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This unique, dual approach to learning distinguishes Physical Education from other means of introduction into physical activity, as does its serious focus on learning as an enjoyable, socially engaged and physically involved process (afPE, 2005).

Such statements have not been met with wholesale curriculum change. The efforts of afPE in the UK in particular, to advocate for the importance of the subject in primary schools and to lobby politicians have had limited impact during a time dominated by a wider focus on school sport through the PESSCL. Despite a focus on providing two hours of curriculum PE, other strands of the PESSCL and PESSYP strategies during the time frame of this research have foregrounded sport ahead of PE. This has seen the development of Specialist Sport Colleges and School Sport Partnerships in strategies led by the Youth Sport Trust (YST). The perception of PE as sport, centred on discrete activity areas appears to be the taken for granted

focus for the subject within existing curricula:

The form and focus that we refer to has become established to the point that it has attained the status of being ‘the obvious’ and for many people (most notably, members of the public and politicians, but surely also many within the profession itself), the only possible structure and orientation for the subject (Penney & Chandler, 2000).

Although some schools may now be providing greater time allocation to PE in the curriculum as a consequence of the PESSCL strategy (Ofsted, 2006; 2009), concerns remain regarding the quality of delivery and the nature of the PE curriculum itself. It has been suggested that the primary PE curriculum needs to become more inclusive, relevant and connected to lifelong development (Jess et al., 2007; Her Majesty’s Inspectorate [HMI], 2001; Casbon, 2006) and that a move away from teaching discrete activity areas is necessary. Penney and Chandler (2000) suggest a focus on thematic learning, using movement as the context rather than the outcome, a focus not on ‘learning to move’ but on ‘moving to learn’ (Crum, 1993, p. 345). A move away from an activity-based curriculum may also help to reduce concerns amongst primary teachers themselves and provide an opportunity to focus on developmentally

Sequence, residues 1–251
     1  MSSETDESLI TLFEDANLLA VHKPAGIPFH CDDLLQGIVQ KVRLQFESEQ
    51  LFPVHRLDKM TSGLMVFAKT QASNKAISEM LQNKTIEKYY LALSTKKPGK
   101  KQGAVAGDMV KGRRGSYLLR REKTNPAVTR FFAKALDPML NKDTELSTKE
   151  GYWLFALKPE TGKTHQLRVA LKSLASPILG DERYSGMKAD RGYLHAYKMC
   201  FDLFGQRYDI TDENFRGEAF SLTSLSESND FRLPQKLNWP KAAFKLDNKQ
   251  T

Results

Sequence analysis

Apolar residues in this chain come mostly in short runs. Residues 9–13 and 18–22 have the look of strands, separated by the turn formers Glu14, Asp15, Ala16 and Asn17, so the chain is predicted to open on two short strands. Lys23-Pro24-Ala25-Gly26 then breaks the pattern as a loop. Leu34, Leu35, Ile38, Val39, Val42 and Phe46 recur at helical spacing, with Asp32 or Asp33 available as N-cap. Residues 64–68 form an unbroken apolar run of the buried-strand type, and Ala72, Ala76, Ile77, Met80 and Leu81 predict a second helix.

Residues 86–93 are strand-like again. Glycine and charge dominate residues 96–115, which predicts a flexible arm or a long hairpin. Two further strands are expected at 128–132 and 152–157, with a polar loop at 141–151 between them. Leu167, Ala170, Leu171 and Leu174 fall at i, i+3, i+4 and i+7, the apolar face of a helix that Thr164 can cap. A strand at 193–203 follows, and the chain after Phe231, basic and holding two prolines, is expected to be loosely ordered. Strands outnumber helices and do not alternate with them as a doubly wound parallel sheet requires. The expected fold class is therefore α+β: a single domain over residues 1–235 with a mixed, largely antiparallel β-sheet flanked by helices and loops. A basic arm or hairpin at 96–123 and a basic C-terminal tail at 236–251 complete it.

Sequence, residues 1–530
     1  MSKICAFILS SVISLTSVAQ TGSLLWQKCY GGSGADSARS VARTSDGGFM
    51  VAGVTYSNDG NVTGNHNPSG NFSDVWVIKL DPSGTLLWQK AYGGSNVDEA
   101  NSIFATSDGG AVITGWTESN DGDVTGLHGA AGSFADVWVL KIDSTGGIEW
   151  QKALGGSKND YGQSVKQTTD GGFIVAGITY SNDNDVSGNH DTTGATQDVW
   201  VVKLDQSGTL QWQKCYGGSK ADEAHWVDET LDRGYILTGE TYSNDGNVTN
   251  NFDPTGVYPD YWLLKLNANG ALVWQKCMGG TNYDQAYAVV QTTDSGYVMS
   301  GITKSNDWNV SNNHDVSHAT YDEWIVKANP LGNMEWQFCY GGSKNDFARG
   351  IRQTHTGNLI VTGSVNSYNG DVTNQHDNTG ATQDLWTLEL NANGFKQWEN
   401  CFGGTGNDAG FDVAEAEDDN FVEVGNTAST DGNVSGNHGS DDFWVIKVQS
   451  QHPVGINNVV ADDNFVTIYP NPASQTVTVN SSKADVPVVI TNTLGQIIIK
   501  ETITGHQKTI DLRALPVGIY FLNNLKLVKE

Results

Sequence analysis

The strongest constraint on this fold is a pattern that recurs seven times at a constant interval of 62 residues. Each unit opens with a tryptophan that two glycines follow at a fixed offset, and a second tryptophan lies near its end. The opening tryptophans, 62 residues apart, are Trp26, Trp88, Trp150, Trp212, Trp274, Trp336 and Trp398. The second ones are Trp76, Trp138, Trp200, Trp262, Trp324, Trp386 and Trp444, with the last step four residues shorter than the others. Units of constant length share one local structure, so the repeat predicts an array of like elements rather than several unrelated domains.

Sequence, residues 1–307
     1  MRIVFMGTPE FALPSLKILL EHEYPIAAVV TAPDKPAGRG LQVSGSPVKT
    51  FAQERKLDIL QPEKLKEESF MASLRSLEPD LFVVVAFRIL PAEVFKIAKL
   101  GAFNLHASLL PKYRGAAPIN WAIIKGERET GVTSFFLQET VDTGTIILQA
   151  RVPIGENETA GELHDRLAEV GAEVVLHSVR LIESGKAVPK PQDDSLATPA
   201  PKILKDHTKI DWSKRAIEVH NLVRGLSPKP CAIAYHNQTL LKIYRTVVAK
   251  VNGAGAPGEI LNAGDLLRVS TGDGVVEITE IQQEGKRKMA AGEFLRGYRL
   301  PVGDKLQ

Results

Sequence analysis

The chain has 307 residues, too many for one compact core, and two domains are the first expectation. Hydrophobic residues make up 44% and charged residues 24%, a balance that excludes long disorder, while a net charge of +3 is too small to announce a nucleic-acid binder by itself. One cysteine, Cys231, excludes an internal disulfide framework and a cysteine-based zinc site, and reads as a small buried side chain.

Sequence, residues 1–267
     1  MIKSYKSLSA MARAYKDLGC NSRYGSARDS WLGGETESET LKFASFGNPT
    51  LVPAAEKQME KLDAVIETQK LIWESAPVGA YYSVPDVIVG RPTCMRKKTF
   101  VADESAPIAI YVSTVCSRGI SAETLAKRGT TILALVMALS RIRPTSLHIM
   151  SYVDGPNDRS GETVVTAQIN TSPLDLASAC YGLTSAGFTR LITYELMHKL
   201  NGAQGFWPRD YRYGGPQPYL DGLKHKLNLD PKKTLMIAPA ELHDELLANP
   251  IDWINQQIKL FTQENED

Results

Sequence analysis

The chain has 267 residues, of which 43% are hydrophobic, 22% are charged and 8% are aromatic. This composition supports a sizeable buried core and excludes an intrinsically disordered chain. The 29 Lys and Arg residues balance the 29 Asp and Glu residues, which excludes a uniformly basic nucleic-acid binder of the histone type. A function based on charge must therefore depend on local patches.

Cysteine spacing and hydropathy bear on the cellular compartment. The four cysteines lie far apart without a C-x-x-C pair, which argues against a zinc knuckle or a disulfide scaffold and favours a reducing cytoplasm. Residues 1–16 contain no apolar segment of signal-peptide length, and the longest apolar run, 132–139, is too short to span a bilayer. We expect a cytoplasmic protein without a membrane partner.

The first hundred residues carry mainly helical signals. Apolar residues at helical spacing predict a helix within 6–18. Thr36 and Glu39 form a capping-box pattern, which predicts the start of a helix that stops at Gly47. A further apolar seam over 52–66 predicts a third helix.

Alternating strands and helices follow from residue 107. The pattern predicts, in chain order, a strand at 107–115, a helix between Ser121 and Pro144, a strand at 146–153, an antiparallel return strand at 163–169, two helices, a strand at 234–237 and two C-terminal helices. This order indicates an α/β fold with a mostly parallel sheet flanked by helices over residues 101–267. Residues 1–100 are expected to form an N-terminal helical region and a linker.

appropriate movement, something which may also sit with a view that:

beginning teachers need to undergo sustained study of the theoretical perspectives on child development, on human learning, on the environmental and other obstacles to human flourishing, on the conditions which maximise learning, and on the manifold ways in which learning is facilitated and managed (Kirk & Broadhead, 2007, p.12).

It can be argued in this way that teachers of primary PE need knowledge and understanding that relates specifically to children’s movement development and how learning in the physical context is best framed to promote learning in all developmental domains – a focus for professional learning that is in sharp contrast to the need to be able to teach six different activity areas proficiently. Current professional activity within the PE community, at least relating to curriculum PE in Key Stage 1, appears to be addressing some of these concerns through the development of curriculum proposals centred on child development and fundamental movement skills (Keay, 2011).

Gender and the PE curriculum Further critique of the curriculum has highlighted the ‘male-based’ nature of PE (Azzarito & Solomon, 2005), suggesting that the sport/activity structure is centred on performance, power or strength (Connell, 1995; Satina, Solmon, Cothran, Loftus. & Stockin-Davidson, 1998). As equality of opportunity has been encouraged in western society, some have also argued that girls have been perceived as a problem in PE, lacking skills and strength (Wright, 1999;

McKenzie, Marshall, Sallis & Conway, 2000; Flintoff & Scraton, 2001, 2006) when compared to boys. It is suggested that the educational environment reproduces notions of femininity and masculinity (Flintoff & Scraton, 2001; Wellard, 2009; Flintoff, 2011) and that physicality within the context of sport or physical activity has traditionally been closely associated with masculinity (Hargreaves, 2000; Hall, 1996). It has also been suggested that PEITT courses can construct unequal learning opportunities for trainees on the basis of gender (Dewar, 1987;

Flintoff, 1994; Brown & Rich, 2002; Wright 2002), although this has not been specifically explored within the primary ITT context. The literature suggests that teaching PE is directly linked with sporting ability, and in secondary schools at least, physical educators are seen as proficient in sport (Carrington & Leaman, 1986; Green & Scraton, 1998; Brown, 2005). Webb and Macdonald (2007) summarise the work of Skelton (1993), Bloot & Browne (1996), Krane (2001), Rich (2004) and Brown (2005) to describe the stereotypical view of the male PE